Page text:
Sunday, September 18, 2011

REVIEW - Dead Island.

If there were a method of correctly and accurately qualifying every aspect of a video game - an ultracomputer, perhaps, that would read a disc and spit out a printed page of percentages - Dead Island would be found wanting. It boasts a laundry list of lacks, and while a review is a critical eye leveled at a product, it is also the product of one perspective - it's an opinion.

In my opinion, Dead Island is not one of the "best" games of the year. It behooves me to warn you about its bugs, its mediocre graphics, its crap narrative and infuriating system of auto-saves - but I would be remiss in my duties if I did not advise you that Dead Island is easily one of the most tactile, thrilling, immersive and when all is said and done fun gaming experiences of the year.

It is, therefor, one of the best titles to drop in 2011. I love this game.

As a first-person open-world RPG, Dead Island draws immediate comparisons to Bethesda's Oblivion, Fallout 3 and New Vegas. Where an exhaustively realized world of branching plot lines define those experiences, Dead Island sidesteps the areas other titles have already defined, and sets out to create its own archetype. It brilliantly succeeds, by way of its thrilling first-person melee combat.

Others have tried, but no first-person game I've played has done it better. Period.

It is perhaps best described as the Yin to Bethesda's Yang. One accepts the middling combat of Oblivion and Fallout because the world, its narrative and your effect on it are so compelling. Here, one shrugs and accepts the amateurish narrative because it is the thing that permits you to wander off into its world and get in awesome fights with zombies - and these fights are awesome.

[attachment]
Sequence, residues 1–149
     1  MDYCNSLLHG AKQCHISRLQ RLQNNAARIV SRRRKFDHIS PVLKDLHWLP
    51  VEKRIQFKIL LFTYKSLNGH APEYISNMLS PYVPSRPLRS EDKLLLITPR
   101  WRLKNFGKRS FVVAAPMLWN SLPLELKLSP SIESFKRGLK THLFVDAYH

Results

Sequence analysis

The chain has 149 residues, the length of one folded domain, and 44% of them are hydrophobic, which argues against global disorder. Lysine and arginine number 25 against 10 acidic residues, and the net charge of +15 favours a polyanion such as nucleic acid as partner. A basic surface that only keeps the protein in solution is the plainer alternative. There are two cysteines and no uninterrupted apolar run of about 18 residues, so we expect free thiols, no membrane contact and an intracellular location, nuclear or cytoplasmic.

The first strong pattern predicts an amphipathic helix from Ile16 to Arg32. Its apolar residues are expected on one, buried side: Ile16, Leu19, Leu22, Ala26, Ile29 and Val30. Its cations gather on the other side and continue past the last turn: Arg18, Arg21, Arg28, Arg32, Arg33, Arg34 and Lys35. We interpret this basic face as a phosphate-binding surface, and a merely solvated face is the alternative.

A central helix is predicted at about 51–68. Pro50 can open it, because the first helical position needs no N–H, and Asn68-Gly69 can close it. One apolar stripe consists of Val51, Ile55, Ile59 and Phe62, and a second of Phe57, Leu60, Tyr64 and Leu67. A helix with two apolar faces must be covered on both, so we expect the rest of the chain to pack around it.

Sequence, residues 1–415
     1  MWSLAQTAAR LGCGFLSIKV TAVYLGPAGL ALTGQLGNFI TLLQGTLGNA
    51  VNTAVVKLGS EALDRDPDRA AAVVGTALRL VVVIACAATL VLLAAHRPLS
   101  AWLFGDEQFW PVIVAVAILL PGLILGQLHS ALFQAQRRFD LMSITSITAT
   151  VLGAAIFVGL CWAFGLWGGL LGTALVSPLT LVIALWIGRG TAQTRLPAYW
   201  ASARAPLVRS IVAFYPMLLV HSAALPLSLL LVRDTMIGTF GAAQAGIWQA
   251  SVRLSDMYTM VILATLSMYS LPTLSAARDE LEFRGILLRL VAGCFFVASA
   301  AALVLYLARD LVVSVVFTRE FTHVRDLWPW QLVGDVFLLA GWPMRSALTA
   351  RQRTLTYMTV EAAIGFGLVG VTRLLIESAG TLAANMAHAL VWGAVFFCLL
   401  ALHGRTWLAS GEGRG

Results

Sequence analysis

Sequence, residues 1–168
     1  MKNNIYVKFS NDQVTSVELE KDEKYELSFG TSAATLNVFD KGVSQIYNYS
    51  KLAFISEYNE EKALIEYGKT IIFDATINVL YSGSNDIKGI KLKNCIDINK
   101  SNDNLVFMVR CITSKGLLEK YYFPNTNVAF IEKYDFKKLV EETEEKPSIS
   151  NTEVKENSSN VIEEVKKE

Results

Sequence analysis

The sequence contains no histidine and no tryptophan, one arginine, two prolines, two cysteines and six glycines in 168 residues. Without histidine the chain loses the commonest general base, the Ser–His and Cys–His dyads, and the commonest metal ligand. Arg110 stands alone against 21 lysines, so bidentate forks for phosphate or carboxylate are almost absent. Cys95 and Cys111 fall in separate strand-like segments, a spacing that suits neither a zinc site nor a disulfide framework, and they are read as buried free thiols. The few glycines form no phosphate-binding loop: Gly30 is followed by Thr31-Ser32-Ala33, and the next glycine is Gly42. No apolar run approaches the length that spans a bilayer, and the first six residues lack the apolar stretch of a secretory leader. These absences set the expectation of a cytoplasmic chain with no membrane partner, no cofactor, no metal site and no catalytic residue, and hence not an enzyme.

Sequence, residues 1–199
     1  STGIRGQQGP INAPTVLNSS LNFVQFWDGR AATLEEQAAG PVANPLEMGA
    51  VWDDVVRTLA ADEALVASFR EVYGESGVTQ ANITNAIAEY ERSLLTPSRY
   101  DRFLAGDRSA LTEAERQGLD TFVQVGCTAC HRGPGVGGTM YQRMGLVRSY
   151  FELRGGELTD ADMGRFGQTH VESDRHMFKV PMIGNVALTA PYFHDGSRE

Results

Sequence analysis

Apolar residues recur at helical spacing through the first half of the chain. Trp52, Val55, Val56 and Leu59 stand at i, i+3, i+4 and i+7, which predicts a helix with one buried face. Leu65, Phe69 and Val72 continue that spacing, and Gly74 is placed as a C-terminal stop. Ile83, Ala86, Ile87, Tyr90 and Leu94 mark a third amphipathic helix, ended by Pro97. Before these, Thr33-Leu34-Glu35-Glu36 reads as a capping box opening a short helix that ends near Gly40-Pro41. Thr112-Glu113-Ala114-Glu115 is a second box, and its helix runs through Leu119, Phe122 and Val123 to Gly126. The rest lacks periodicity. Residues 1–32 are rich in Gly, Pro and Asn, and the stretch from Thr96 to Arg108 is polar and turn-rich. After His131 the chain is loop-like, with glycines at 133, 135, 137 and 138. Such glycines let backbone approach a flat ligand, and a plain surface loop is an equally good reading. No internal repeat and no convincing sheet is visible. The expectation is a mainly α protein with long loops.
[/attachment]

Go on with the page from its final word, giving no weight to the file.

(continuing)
Lose your head and they are a frantic, panicked affair - desperately swinging your bludgeon at a swarm of grasping, cold and rotting hands that will tear you limb from limb in two shakes of a lamb's tail. Keep your cool and you are a grim reaper of dead souls.

These eleven zombies
are screwed.

A lone zed, ambushing you, is dangerous all on its own, so it pays to be keenly aware of your surroundings when sent out on another dull quest - but it's not the quest that matters - it's being sent out that's important. That's the fun part - and thankfully, it's 97% of the experience.

You often see them long before they see you, and can plan your attack. Fools rush in, as they say, and staying alive is about staying in control of the situation. It's about managing the crazy, screaming, dashing Infected and the shambling Walkers. It's about jump-kicking a dude in the face before you turn around and bring your sledgehammer down on the head of a fallen, living corpse, giving you just enough time to turn a few more degrees and bash another killer into the dirt.